Electronics Fundamentals, 6e
Electric Circuit Fundamentals, 6e

A bypass capacitor in the emitter circuit passes the


signal to ground.
This increases gain by lowering the base-emitter
impedance and stabilizing the emitter voltage

Copyright 2004 by Pearson Education, Inc.


Upper Saddle River, New Jersey 07458
All rights reserved.

Common Collector Configuration

Signal Voltage Gain of Approximately 1


No Phase Inversion
Used as a Buffer between Circuits or Current Amplifier

Common Base (Q1) Voltage Regulator Configuration

BJT Class B Amplifiers


When an amplifier is biased such that it operates
in the linear region for 180 of the input cycle and
is in cutoff for 180, it is a class B amplifier
A class B amplifier is more efficient than a class A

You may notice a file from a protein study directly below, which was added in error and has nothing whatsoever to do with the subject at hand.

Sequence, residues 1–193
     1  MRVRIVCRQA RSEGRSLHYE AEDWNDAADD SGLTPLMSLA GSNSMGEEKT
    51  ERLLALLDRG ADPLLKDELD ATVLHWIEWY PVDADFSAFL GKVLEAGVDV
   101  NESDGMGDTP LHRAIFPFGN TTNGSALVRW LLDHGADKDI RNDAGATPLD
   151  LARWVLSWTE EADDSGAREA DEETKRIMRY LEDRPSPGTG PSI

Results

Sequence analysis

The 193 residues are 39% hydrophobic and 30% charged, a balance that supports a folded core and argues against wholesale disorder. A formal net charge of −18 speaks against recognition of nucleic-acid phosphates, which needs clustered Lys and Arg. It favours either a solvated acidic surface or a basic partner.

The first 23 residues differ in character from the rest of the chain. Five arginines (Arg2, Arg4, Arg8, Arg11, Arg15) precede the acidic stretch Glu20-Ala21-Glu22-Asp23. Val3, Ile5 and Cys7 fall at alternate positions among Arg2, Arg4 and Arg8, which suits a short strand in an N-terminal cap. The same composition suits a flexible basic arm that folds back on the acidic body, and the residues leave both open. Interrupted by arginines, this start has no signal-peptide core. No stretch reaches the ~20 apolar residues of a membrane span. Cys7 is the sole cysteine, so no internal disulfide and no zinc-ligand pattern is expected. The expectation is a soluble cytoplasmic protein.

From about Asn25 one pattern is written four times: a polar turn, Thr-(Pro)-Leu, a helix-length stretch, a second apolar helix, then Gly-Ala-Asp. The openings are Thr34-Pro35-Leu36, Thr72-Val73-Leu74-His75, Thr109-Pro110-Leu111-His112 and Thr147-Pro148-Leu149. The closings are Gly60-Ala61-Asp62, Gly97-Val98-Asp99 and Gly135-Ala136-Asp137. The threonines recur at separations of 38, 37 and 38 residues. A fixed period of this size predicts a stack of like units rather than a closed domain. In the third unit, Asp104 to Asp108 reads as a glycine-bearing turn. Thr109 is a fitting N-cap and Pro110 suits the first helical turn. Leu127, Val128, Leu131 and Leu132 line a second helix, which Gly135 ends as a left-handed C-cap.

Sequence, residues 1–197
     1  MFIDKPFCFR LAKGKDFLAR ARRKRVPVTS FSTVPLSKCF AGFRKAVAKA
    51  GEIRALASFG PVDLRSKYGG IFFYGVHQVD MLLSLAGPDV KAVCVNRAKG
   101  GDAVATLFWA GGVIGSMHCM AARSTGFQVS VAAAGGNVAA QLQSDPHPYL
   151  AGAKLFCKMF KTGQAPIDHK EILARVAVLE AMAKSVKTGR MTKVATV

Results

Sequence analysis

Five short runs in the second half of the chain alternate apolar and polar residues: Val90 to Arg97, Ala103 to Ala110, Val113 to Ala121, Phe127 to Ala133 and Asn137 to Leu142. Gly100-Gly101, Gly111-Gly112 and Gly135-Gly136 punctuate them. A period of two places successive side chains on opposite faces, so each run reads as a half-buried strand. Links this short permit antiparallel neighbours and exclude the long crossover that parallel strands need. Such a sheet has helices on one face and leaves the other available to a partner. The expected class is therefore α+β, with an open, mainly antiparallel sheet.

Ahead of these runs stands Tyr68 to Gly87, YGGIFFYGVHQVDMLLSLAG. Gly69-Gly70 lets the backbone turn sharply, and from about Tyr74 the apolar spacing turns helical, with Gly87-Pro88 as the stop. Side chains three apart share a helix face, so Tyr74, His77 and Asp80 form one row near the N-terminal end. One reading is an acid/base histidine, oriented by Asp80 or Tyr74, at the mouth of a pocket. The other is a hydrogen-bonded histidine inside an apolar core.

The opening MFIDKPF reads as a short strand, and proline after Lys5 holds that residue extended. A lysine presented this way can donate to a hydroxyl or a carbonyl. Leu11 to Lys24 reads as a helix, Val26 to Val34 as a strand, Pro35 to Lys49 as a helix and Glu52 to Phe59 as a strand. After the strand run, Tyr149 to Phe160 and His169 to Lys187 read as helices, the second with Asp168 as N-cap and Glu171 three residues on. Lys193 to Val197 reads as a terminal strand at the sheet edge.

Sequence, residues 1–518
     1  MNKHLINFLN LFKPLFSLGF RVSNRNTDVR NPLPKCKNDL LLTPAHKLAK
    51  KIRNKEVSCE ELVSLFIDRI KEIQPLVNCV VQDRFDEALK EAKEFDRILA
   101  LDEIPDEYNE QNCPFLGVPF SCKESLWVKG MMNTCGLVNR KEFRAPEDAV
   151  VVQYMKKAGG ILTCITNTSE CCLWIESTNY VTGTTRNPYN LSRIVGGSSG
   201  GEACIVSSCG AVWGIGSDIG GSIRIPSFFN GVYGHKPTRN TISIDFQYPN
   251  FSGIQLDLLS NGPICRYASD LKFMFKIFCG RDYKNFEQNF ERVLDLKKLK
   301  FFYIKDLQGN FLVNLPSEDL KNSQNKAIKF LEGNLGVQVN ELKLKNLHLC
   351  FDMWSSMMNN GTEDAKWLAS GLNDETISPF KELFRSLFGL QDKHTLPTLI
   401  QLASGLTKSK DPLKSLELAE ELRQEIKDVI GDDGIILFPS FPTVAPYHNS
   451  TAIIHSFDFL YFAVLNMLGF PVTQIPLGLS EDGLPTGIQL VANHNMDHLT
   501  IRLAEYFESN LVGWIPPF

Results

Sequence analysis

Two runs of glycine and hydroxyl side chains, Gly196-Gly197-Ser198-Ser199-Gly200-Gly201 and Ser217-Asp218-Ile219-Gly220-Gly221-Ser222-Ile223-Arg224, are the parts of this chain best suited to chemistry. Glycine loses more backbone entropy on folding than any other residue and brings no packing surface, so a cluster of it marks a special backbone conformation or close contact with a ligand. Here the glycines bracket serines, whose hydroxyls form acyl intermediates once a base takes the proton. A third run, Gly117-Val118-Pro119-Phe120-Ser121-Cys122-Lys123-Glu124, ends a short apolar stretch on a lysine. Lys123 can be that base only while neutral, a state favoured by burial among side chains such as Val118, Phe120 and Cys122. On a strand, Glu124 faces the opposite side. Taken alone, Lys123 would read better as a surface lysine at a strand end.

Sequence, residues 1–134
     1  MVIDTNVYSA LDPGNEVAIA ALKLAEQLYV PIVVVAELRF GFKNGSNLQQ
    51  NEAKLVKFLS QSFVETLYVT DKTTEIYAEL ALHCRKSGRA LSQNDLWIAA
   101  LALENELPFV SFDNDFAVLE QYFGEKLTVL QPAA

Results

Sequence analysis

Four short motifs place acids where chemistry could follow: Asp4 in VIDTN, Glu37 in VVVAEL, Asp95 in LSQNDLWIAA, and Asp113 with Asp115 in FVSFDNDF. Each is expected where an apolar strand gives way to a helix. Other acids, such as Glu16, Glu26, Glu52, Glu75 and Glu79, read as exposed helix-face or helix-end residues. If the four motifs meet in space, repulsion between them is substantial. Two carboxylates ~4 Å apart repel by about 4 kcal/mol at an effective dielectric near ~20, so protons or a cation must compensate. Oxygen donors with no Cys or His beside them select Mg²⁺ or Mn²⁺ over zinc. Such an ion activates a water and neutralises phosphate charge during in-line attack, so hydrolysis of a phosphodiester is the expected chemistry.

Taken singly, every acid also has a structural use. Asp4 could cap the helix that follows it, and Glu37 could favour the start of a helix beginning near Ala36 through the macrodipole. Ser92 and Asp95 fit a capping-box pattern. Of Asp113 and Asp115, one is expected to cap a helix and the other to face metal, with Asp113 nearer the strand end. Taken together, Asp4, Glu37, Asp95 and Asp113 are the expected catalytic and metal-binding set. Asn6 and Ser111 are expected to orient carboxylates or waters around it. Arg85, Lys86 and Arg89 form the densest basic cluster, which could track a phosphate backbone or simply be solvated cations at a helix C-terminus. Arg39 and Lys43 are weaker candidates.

In order to get a linear reproduction of the input


waveform, the class B amplifier is configured in a
push-pull arrangement
The transistors in a class B amplifier must be biased
above cutoff to eliminate crossover distortion

Class B push-pull operation

Push-Pull Class B Amplifiers


Thomas L. Floyd
Electronics Fundamentals, 6e
Electric Circuit Fundamentals, 6e

Copyright 2004 by Pearson Education, Inc.


Upper Saddle River, New Jersey 07458
All rights reserved.

Illustration of crossover distortion in a class B push-pull amplifier

Thomas L. Floyd
Electronics Fundamentals, 6e
Electric Circuit Fundamentals, 6e

Copyright 2004 by Pearson Education, Inc.


Upper Saddle River, New Jersey 07458
All rights reserved.